The “we” zone is arguably the most important in the workspace.
“We think of ‘we’ as a combination of multiple things,” Williams said. “Most conventionally, it’s about having ‘we’ spaces that are big, open and collaborative. Maybe they have lounge tables, different furniture options and seating options. Also, we think of ‘we’ spaces as conference rooms that are enclosed, and oftentimes are just tables and chairs.
“Whether the space is large or small, we’re able to make it collaborative and safe, which is so important right now.”
The HON team has launched several products in the last few months aimed at making collaborative spaces safe, cleanable and easy to maintain long term (and there are more on the way).
“Verse is a non-structural panel that is designed to separate space, and it’s become very popular,” Williams said. “If you have a few chairs that need separation, those types of products that sit right on the floor are highly popular right now and will continue to be.
“We also offer hand sanitizer holders that can mount on the wall or on a panel, so if you have multiple panels in a workstation, you can attach sanitizer right to a panel so it’s easy to access and readily available.”
Creating Space to Work, Gather or Relax
“Free” zones are, in most instances, unassigned and open workspaces.
They can also serve as communal areas and gathering spaces. “Free” zones don’t have defined purposes as either work or community spaces, as those using the space have the option to use it as they wish.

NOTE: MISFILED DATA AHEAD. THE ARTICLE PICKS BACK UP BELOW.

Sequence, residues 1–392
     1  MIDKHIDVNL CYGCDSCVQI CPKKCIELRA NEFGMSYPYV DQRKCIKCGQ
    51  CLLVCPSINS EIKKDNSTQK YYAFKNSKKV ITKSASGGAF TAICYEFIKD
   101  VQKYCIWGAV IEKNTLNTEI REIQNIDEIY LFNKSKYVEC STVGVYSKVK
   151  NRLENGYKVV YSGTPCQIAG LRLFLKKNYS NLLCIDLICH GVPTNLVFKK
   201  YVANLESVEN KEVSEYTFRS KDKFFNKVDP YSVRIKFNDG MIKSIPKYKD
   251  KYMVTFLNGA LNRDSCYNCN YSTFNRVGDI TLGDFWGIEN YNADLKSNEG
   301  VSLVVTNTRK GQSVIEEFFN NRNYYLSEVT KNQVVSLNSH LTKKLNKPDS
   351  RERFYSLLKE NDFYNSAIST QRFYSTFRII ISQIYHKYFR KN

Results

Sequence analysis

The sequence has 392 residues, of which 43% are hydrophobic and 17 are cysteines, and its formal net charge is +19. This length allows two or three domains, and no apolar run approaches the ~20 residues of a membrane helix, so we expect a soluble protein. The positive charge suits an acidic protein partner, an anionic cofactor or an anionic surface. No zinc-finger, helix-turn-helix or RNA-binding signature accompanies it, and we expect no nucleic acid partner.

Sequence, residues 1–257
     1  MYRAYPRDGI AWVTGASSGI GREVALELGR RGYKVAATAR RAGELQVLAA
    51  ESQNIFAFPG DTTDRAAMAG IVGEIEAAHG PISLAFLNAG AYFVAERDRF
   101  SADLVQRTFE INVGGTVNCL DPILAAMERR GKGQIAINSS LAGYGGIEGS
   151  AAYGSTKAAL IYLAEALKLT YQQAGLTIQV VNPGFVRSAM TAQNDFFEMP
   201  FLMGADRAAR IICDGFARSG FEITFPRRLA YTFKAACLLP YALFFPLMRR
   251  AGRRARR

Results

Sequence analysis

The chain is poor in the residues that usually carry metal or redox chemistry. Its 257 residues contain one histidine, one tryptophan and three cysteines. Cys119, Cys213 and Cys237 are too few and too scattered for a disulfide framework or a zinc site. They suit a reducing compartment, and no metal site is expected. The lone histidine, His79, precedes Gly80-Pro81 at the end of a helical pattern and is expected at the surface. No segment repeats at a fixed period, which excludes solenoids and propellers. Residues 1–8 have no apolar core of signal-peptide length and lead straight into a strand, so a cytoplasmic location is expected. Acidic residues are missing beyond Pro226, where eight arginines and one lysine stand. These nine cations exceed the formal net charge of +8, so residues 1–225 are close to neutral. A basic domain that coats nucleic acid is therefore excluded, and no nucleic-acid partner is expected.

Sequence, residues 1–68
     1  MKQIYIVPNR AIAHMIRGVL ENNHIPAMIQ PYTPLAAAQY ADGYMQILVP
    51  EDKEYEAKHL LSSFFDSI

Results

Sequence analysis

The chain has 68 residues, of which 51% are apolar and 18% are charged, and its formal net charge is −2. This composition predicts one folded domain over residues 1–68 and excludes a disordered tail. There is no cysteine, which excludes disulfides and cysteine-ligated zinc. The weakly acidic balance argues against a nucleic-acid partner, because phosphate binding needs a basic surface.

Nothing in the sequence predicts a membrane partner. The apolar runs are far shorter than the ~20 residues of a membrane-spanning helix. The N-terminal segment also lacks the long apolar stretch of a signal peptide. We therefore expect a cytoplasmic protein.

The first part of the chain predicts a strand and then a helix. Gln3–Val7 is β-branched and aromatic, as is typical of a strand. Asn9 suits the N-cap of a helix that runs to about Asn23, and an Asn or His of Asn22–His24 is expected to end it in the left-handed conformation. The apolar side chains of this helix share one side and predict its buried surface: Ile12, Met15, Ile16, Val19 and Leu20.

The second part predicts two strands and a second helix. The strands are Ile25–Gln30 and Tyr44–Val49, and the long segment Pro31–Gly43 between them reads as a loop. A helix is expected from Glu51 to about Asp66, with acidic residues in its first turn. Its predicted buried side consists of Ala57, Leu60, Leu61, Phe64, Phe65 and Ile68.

But despite the “free” zone’s nature as an open, gathering-style space, companies must ensure adherence to CDC guidelines and proper distancing.
“Our customers are seeking products, particularly in this style of space, that offer significant separation and protection— particularly if the “free” zone is an unassigned workstation,” Williams said.
In the near future, we’ll be releasing new products to protect both your employees and the workspace, including metal surface-mounted screens (front and side), “sneeze guards” and acrylic screens, PPE stands that can hold multiple products and hands-free door openers.
A Plan for All Zones & All Styles of Work
Three key considerations for each zone in your workspace are social distancing, cleanability and space division.
In collaborative spaces, there will be fewer chairs and they should be spaced (at minimum) 6–10 feet apart. Private offices that typically have 1–2 guest chairs are moving to just one, provided that a single chair can be properly distanced from the desk.
Cleanability is crucial. The HON team has worked hard on this; the material of the product is as important—and now, perhaps more so—as the product itself. In response to a “huge spike” in requests for cleanable fabrics, as Williams noted, we’ve introduced those in addition to other cleanable materials like glass, wood and metal.
Space division and privacy have an impact on workstations, and we anticipate this will drive the desire for non-structural space division, even in a collaborative area.
Whether you’re updating your office zones to better support a safe workspace or incorporating Me, We and Free zones to serve a changing workforce, HON has the products and expertise to help. Learn more at hon.com.